“With its unprecedented accuracy, [CLARREO] shortens the time to detect the magnitude of climate change at the high confidence level that decision makers need.”
With the planned launch for CLARREO already pushed back from the original date of 2018-20, the paper aptly notes:
“While this is unfortunate, space missions are often delayed because of cost overruns of earlier missions or changes in NASA budget plans.”
The new budget blueprint also says it will “eliminate” NASA’s $115m Office of Education and reduce – but not terminate – funding for NASA’s Earth science research grants. No further details are given on these points, other than to say the Office for Education has “experienced significant challenges” and is “duplicative of other parts of the agency”.

NOAA faces cuts to future satellite programmer

Overall, the proposed budget would reduce the budget for the Department of Commerce – the bureau that houses the National Oceanic and Atmospheric Administration (NOAA) – by 16%.
The new administration would, however, “maintain development” of NOAA’s Joint Polar Satellite System (JPSS). These are polar-orbiting satellites that provide continuous observations of Earth’s oceans, clouds, ozone, snow, ice, vegetation and atmosphere.

As an FAQ on the JPSS website explains:
“Without NOAA’s JPSS satellites on-orbit, the lost data would lead to less accurate and timely NOAA’s National Weather Service numerical weather prediction models that are needed to support weather forecasting.”
But while the three JPSS satellites that make up the “current generation” are seemingly safe, the proposed budget cuts funding to the “Polar Follow On” satellite project. This part of the programmer, approved in the appropriations bill for fiscal year of 2016, allows for two further satellites to provide polar coverage through the 2030s. The proposed budget suggests the savings will be achieved by “better reflecting the actual risk of a gap in polar satellite coverage”.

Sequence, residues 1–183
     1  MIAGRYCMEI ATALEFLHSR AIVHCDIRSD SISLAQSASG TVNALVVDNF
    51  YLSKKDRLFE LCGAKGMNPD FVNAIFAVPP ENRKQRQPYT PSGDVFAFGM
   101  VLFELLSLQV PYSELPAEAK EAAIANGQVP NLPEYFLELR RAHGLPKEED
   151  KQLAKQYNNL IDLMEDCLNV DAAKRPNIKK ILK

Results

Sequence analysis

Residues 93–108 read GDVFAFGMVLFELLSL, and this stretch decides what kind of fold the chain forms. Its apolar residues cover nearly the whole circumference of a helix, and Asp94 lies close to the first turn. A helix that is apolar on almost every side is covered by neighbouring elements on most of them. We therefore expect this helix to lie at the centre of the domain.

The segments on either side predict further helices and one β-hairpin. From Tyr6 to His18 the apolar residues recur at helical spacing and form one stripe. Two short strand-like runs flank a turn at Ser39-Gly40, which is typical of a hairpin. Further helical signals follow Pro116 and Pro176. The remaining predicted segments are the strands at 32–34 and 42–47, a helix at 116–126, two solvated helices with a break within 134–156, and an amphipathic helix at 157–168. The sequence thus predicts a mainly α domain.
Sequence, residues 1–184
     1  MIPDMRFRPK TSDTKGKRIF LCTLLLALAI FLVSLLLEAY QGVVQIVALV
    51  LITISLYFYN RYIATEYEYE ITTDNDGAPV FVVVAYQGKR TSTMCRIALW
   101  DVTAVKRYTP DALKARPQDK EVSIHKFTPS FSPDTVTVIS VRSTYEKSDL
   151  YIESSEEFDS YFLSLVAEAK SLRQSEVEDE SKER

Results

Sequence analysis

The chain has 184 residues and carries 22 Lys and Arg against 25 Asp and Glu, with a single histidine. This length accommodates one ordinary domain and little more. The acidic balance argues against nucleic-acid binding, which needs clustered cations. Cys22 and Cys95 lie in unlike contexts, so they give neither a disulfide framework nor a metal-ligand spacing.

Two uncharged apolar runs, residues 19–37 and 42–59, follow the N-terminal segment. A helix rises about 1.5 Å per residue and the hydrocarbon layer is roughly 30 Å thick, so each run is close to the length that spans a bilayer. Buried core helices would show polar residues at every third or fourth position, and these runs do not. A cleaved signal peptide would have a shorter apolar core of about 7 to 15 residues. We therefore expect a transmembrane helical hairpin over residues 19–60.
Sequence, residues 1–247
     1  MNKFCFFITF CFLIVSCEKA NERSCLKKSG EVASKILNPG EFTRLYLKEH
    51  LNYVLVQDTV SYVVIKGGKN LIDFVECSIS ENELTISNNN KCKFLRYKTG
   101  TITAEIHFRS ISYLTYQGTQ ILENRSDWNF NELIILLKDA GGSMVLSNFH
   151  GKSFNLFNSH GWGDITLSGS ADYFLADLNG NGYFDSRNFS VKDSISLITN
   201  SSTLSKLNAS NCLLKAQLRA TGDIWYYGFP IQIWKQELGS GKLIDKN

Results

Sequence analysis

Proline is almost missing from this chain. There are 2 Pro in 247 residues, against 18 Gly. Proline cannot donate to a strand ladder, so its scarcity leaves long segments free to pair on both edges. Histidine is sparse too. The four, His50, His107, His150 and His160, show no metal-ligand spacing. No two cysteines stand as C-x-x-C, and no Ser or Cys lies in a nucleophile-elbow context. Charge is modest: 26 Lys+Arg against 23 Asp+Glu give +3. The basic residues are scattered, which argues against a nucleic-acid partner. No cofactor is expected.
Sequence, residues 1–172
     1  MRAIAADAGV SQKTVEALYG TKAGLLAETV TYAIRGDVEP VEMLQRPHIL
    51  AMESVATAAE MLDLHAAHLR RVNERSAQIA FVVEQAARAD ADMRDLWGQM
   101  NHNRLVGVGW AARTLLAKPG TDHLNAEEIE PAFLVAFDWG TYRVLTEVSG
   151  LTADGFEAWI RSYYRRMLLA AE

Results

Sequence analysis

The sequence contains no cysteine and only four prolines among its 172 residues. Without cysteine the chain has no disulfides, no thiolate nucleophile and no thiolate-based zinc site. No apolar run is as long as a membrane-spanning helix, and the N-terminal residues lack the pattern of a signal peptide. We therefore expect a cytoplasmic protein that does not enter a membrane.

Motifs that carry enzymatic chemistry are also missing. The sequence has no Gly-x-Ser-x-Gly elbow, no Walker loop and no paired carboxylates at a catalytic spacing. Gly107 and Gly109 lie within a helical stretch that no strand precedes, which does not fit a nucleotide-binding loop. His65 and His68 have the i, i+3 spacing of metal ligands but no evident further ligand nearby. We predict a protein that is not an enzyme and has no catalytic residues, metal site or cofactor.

There is no specific mention in the proposed budget of NOAA’s Oceanic and Atmospheric Research (OAR) programmer, which last week was reportedly facing a cut of 26%. Prof Kevin Trenbeth,  a senior scientist at the US National Center for Atmospheric Research,  told Carbon Brief last week that he was concerned about what this could mean for ocean observations, since the money for the global ARGO network of ocean-monitoring buoys comes out of that budget. He said:
“If NOAA cuts back so do others – and it all goes downhill…ARGO is still a research enterprise, not an operational one.  It is vulnerable.  Such a cutback would be a travesty.”
The new president’s proposed budget also “zeroes out” over $250m in NOAA grants and programs that support “coastal and marine management, research, and education”, deeming them lower priority than other “core functions” that the budget maintains, such as “surveys, charting, and fisheries management”.

EPA cuts, payments to UN programs stop

As part of an overall 28% cut to the State Department and USAID funding, the budget blueprint says it intends to “eliminate” the Global Climate Change Initiative, an Obama-era programmer to integrate climate change considerations into US foreign assistance.

The new administration also proposes to cease payments to the United Nations Green Climate Fund, which supports low-carbon projects in developing countries, and to reduce funding for development banks, such as the World Bank, by approximately $650m over three years.

The Environmental Protection Agency (EPA) is one of the biggest losers from the proposed budget, in line for a cut of $2.6bn, or 31% from current funding levels.

As rumored, the new administration proposes discontinuing funding for the Clean Power Plan, as well as “international climate change programs, climate change research and partnership programs, and related efforts”. Energy Star – an initiative to promote energy efficiency – is one of more than 50 “lower priority and poorly performing” programs also facing the chop.

What happens now?

The proposed budget will be submitted to Congress as a series of “annual appropriations bills”, explains BBC News. With each needing 60 votes in the Senate to succeed, the piece reads:
“At least eight Democrats would have to vote for the cuts or at least refuse to obstruct it. Given the level of Democratic animosity towards Mr Trump, those possibilities look slim.”
It’s a long road and much of the impact of budgetary changes on climate research remains to be seen. But the new blueprint is valuable in outlining the new administration’s priorities.